If you are using the video built into the motherboard, you won't be able to play any modern games. To best determine what video card you'll need, we'll need to know more about the system you have now. If you built it, what motherboard does it have? If you bought it, what brand and model is it? What is the resolution of your monitor? What is the brand and model (not just wattage) of the power supply? And finally, what is your budget for upgrades?


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a c 227 à CPUs
January 14, 2012 4:08:46 PM

You have no graphics card at all and integrated graphics is good for about solitaire and thats it. Cpu should be fine for that game as it is a Core 2 chip and running at 3.2Ghz while the minimum is a Core 2 at 2.0Ghz.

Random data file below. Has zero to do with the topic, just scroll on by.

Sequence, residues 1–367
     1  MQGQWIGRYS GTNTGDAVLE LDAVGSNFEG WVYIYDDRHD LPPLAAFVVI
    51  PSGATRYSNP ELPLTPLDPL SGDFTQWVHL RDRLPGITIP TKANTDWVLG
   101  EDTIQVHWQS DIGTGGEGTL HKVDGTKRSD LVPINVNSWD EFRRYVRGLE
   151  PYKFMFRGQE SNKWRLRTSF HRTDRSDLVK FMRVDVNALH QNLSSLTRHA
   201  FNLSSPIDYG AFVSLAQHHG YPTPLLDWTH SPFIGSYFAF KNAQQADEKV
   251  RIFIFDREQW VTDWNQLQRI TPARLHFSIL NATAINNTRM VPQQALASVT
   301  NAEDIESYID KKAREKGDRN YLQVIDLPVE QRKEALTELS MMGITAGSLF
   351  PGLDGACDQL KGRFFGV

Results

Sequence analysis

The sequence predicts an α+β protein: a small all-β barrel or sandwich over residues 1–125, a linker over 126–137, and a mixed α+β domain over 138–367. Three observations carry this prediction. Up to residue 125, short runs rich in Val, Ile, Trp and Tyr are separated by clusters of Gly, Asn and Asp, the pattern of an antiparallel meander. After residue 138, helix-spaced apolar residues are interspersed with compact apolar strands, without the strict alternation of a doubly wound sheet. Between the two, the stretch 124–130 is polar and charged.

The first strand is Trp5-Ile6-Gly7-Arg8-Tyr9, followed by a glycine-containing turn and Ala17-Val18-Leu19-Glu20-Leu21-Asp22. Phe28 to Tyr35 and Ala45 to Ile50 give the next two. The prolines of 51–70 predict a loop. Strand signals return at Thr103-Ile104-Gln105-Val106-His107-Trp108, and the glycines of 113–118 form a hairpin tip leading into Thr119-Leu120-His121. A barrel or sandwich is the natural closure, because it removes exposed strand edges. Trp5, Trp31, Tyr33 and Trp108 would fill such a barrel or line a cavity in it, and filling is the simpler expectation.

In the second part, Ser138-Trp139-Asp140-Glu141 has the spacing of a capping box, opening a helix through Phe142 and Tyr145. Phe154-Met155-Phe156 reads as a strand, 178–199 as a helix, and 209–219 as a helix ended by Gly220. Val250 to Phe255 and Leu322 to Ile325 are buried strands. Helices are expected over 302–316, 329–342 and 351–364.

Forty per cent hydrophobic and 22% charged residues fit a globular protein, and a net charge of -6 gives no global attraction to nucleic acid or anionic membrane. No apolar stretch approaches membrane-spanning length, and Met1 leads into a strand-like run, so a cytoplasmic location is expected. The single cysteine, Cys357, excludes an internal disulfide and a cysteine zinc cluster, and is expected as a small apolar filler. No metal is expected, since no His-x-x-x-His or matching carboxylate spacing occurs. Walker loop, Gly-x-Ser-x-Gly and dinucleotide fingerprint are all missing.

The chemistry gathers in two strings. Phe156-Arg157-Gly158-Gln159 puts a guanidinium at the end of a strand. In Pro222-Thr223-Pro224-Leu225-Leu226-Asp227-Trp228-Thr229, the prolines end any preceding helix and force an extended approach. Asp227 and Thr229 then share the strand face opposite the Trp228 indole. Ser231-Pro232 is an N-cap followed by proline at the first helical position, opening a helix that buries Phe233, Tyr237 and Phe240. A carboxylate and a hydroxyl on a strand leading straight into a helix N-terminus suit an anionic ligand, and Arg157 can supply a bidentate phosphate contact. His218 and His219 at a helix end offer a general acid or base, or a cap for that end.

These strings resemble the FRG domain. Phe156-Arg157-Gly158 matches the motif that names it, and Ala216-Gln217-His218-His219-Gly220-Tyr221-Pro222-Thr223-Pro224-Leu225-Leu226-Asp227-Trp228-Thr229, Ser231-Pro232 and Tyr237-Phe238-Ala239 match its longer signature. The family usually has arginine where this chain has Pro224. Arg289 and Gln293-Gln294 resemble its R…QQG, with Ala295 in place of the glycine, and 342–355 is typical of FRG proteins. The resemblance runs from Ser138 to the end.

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January 14, 2012 4:23:40 PM

Onus said:
If you are using the video built into the motherboard, you won't be able to play any modern games. To best determine what video card you'll need, we'll need to know more about the system you have now. If you built it, what motherboard does it have? If you bought it, what brand and model is it? What is the resolution of your monitor? What is the brand and model (not just wattage) of the power supply? And finally, what is your budget for upgrades?


Alright, jtt283, *cracks knuckles*, here it goes:

I didn't build my computer myself. I got it from dell.com. It's a Dell Inspiron 560 straight out of the box. My Monitor is a LG W2240TV Monitor, whose resolution is 1920 x 1080. Upgrade budget is a couple hundred dollars (around $250, hopefully). As for the power supply, how do I figure that out? It doesn't seem to be located anywhere on my computer - is the only way to find that out really to crack open the tower itself? If so, that would take a few minutes....